Saving a few dollars at the pump isn't hard or complicated



Improving a fleet vehicle’s fuel efficiency can help businesses save money and is better for the environment, but it isn’t always clear how to make the most meaningful changes. Luckily, saving a few dollars at the pump doesn’t have to be complicated. You can improve your fleet fuel savings in these 10 easy ways.


1. Cut engine idling


The U.S. Department of Energy says that idling can use a quarter to a half gallon of fuel per hour. If you have heavy-duty trucks, the fuel economy metrics are even worse: 0.8 gallons of fuel per hour. A long-haul truck idles for about 1,800 hours a year, using up to 1,500 gallons of diesel.


It's illegal to idle for long periods in certain cities; some cities even restrict idling to less than a minute. Although diesel engines rely on idling for various reasons, including the need to warm up, drivers of gasoline engine vehicles can reduce fuel and oil waste by following these idling guidelines:


  • Turn off the engine while waiting or making deliveries.
  • Turn off the engine while stuck in traffic.
  • Do not idle to warm up the engine; simply start driving.


The right GPS-based fleet management tracking tool can monitor vehicle idle time, providing you with specific data to better address the wasteful habit.


2. Monitor driving patterns


Driver behavior is one of the largest contributors to improving semi-truck miles per gallon (MPG).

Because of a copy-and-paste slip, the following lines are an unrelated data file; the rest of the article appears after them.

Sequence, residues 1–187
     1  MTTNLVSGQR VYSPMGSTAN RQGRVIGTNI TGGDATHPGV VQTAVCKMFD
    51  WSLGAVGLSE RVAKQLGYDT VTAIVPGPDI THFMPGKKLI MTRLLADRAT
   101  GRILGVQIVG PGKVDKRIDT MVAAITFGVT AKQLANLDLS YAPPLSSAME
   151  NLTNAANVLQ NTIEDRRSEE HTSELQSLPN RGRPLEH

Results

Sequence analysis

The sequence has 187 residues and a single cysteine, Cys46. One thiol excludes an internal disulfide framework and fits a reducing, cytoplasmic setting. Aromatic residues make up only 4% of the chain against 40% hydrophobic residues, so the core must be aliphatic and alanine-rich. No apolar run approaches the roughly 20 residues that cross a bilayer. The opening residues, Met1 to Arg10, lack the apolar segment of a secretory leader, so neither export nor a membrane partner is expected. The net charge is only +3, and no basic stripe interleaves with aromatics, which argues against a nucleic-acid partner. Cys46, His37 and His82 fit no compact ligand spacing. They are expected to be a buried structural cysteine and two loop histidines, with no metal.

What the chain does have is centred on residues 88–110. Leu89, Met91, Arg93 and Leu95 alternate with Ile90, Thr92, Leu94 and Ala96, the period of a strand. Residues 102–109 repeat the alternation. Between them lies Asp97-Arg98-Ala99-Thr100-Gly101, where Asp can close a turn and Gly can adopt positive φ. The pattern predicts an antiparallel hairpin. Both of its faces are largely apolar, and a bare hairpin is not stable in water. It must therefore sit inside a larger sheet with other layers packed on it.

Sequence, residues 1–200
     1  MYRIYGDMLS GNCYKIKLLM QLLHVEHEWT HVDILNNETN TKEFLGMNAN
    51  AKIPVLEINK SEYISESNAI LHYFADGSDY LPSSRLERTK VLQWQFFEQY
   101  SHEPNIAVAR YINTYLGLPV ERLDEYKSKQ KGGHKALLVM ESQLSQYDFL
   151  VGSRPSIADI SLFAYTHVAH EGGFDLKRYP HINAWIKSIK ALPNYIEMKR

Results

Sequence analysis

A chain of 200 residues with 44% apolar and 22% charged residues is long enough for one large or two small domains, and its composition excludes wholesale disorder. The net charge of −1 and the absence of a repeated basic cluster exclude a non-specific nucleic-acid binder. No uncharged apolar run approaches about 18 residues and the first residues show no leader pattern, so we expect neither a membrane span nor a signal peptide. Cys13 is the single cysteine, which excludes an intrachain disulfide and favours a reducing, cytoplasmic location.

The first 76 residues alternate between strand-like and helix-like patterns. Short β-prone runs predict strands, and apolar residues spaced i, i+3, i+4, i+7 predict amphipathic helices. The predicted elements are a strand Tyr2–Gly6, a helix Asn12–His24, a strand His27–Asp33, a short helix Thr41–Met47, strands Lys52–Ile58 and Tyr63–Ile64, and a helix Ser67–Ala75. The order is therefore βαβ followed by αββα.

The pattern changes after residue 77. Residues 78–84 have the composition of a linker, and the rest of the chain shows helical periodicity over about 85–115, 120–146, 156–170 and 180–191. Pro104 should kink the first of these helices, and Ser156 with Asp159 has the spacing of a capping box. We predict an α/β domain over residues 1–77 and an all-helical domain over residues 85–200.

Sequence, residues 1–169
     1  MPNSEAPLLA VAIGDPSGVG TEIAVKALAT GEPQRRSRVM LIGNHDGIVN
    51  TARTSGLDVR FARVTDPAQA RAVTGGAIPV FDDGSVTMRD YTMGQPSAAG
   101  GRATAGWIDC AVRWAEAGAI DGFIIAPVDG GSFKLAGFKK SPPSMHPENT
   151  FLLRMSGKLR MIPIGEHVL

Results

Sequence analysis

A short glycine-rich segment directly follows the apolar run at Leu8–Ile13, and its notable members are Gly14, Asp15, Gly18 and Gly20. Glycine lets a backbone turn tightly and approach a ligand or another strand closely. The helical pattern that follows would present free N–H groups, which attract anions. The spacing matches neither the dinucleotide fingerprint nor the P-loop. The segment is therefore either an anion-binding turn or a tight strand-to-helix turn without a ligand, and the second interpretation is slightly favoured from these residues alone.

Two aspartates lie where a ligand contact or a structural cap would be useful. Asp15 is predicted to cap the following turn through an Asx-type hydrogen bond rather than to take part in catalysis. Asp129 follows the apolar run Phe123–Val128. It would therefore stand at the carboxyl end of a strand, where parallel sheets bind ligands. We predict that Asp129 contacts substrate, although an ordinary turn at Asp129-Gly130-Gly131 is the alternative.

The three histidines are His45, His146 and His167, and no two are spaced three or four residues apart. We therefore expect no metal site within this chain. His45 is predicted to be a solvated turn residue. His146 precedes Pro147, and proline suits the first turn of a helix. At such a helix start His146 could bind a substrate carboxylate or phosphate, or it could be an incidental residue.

The American Transportation Research Institute, citing an American Trucking Association report, said there can be a, “35 percent difference between the most and least efficient drivers.”


Speeding, braking, and acceleration patterns all play a role in fuel consumption, and fleet-tracking technologies like telematics can help optimize driving techniques. If you have difficulty getting your drivers on board with fuel-efficient driving behaviors, try taking the safe driving track. Typically, eco-friendly driving habits are also safer—most drivers will agree that safer is better. Also, ensure your delivery or service windows allow ample transport time to discourage drivers from speeding due to lateness.


Note that not all monitoring happens with a GPS or log. Looking at fuel consumption can often help business owners determine whether drivers use good practices on the road or operate inefficiently. Get the most out of your fleet by gaining more insight into your fuel costs and expense per mile.


3. Proactively maintain your vehicles


Fleet owners should adopt a proactive vehicle maintenance schedule to further reduce maintenance costs. According to the U.S. Department of Energy, a properly-tuned engine can help increase semi-truck MPG by an average of four percent.


Truck fleets with reactive maintenance are more likely to suffer costly breakdowns—and that doesn’t just mean expensive repairs. It can also cost wasted drive time, lost employee wages, and disrupted delivery schedules.


4. Plan driver routes


Leverage GPS technology to determine the best possible routes, ideally combining pick-up and drop-off schedules to reduce driving and save on fuel spending.


Also, ensure drivers have access to directions and audio instructions so they don't get lost or distracted by looking at a map.


5. Get a fuel card